67 U.S. 532
2 Black 532
17 L.Ed. 355
SUMNER ET ALS.
HICKS ET ALS.
December Term, 1862
Appeal from the District Court of the United States for the District of Wisconsin.
Mr. Smith, of Wisconsin, for Appellants.
No counsel appeared for Appellees.
Mr. Justice SWAYNE.
This is a suit in equity, having for its object, to set aside two assignments made by the defendants, Henry Hicks and Asa Hicks, to their co-defendant, Forbes.
The appellants are the complainants in the bill. They have recovered judgments at law against Henry and Asa Hicks, upon which executions have been returned unsatisfied.
The first assignment was executed on the 4th of January, 1858. The conveyance of the property is followed in the instrument by this provision: ‘In trust nevertheless, and to and for the following uses, interests and purposes, that is to say, That the said party of the second part shall take possession of all and singular the lands, tenements and hereditaments, property and effects hereby assigned, and sell and dispose of the same upon such terms and conditions as in his judgment may appear best and most for the interest of the parties concerned, and convert the same into money.
The second assignment bears date on the 6th of May, 1858. It is declared ‘to be made and entered into for the express purpose of correcting and explaining the true intent and meaning of a like indenture made and executed between the same parties, on the 4th day of January, A. D. 1858, and which said last described instrument as corrected shall read as follows:’
Then follows the body of the instrument, which is the same with that of the prior assignment, except that in the clause authorising the assignee to sell and dispose of the assigned property, the words ‘upon such terms and conditions as in his judgment may appear best and most for the interest of the parties concerned’ are omitted.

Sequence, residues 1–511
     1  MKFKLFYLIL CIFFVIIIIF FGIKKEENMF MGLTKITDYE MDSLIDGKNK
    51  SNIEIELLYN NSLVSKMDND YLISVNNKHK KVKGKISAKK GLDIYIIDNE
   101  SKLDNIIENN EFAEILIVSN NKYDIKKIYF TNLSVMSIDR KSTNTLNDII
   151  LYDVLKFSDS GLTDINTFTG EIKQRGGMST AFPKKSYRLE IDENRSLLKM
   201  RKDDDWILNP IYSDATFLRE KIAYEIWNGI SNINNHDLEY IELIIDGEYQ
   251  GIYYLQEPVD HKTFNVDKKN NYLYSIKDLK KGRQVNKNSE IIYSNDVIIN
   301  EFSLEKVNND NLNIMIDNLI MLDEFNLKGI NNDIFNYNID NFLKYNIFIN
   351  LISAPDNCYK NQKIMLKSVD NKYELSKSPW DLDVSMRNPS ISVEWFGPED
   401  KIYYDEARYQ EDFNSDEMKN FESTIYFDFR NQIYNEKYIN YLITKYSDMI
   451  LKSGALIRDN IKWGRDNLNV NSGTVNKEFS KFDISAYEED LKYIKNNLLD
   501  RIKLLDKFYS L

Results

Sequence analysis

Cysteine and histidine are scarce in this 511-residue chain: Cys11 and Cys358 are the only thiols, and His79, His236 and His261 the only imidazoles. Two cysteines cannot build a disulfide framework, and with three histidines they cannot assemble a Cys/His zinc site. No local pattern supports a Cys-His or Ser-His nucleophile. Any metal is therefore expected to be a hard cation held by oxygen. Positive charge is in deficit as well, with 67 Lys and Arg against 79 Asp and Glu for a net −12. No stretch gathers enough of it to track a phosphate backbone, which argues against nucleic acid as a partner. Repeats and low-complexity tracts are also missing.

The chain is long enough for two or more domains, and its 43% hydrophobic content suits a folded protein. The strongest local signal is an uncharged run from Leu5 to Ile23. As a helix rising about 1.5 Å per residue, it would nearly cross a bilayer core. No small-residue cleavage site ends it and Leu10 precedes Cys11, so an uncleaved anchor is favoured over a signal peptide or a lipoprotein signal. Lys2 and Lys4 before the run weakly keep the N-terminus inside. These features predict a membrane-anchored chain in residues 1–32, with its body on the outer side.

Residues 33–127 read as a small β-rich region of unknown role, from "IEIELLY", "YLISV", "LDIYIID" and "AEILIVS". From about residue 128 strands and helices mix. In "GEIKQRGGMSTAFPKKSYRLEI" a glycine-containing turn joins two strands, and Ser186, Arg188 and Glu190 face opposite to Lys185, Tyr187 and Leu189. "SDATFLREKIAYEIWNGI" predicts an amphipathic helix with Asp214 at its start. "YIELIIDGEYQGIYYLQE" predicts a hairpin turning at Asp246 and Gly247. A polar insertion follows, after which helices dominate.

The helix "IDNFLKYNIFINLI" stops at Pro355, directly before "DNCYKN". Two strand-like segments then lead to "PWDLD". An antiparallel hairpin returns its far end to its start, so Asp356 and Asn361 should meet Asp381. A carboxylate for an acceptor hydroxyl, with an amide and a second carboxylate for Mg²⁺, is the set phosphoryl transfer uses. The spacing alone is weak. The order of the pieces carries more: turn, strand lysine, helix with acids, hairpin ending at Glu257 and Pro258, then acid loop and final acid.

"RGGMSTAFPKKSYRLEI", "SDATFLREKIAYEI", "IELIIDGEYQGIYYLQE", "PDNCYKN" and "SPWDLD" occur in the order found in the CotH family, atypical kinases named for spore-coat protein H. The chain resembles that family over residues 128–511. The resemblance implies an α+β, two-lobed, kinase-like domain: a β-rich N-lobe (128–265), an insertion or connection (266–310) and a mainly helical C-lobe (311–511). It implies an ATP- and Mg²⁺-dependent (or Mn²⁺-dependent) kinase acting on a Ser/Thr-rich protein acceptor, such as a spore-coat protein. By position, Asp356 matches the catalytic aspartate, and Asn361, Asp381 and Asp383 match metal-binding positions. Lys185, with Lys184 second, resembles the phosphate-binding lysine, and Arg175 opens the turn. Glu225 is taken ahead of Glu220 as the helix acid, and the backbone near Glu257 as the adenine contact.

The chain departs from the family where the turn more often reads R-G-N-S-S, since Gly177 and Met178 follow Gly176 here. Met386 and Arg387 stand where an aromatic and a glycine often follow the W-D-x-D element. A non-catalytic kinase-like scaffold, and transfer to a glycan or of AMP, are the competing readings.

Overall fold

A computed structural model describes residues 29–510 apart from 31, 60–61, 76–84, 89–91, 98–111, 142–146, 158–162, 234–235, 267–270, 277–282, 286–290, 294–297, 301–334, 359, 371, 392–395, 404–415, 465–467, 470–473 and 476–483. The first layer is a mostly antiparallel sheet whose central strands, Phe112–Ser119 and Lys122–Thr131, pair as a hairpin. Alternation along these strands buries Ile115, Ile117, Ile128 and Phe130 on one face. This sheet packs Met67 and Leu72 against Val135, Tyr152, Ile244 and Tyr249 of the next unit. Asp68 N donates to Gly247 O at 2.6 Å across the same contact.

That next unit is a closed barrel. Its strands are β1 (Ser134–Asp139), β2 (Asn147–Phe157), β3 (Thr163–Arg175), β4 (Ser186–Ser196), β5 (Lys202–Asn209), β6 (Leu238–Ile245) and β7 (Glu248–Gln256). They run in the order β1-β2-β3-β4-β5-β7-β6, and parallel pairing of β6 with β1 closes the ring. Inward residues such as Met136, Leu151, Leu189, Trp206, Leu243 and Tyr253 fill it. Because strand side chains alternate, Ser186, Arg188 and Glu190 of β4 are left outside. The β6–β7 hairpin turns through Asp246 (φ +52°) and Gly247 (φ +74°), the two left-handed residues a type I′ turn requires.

The first assignment was executed only by the assignors. The second recites that it is between Henry Hicks and Asa Hicks, of the first part, and Forbes, of the second part; and it is executed by all the parties.
The Statute of Wisconsin upon the subject of fraudulent conveyance is substantially the same with that of the 13th of Elizabeth, chapter 5.
The Supreme Court of the State has held that such a provision as that referred to in the first assignment renders the instrument fraudulent and void as against creditors. Keep vs. Sanderson, 12 Wis., 362.
In cases like this, involving the construction of a State statute, this Court is governed by the judgment of the highest judicial authority of the State. (Leffingwell vs. Warren, decided at this term.) This ruling of the Supreme Court of Wisconsin is sustained by numerous adjudications in other States. 2 Seld., 510. 6 Seld. 691; 17 New York, 21; 21 New York, 168; 2 Duer, 533; 24 Illinois, 257; 11 Md., 173.
There are conflicting authorities upon the subject of great weight. 6 O. S., 620; 7 Paige, 272; 11 Barb., 198; 4 Sandf., S. C., 252. See also the dissenting opinion of Brown, Justice, in Benedick vs. Post, et al., (12 Barb., 168.) The question, as an original one, is not before, us and we express no opinion upon it.
The Statute of Elizabeth was declaratory of the common law. In the absence of such legislation the common law would have accomplished the same results. Twyne’s case, (3 Coke, 80. S. C., 1.) Smith’s L. C., 1. Codagan vs. Kennet, (Cowp., 434.) Wheaton vs. Sexton, 1 Amer. L. C., 68; 1 Cranch, 316; 1 Binney, 514, 523; 4 McCord, 295.
It is not claimed that when the second assignment was executed any creditor had acquired a lien upon the property covered by it.
That assignment is free from the vice which was fatal to its predecessor, and is valid. 11 Illinois, 503; 16 Pick, 247; 28 Vermont, 150; 2 Ed. C. R., 289. This proposition is so clear, upon reason and authority, that it would be a waste of time to discuss it.
None of the authorities relied upon by the counsel for the appellant are in conflict with this decision.
In one of them the assignee did not join in the execution of the second instrument, and it did not appear that he had ever assented to it. In the others, creditors had interposed and intervening rights had attached to the property.
‘It is a settled principle that a deed voluntary or even fraudulent in its creation, and voidable by a purchaser, may become good by matter ex post facto.’ 4 Kent’s Com., 559; 1 John. C. R., 136; 15 John. R., 571; 2 Edwards C. R., 289; 1 Sid., 133; Amer. L. C., 82.
The Court below dismissed the bill. We think there is no error in the decree, and it is affirmed with costs.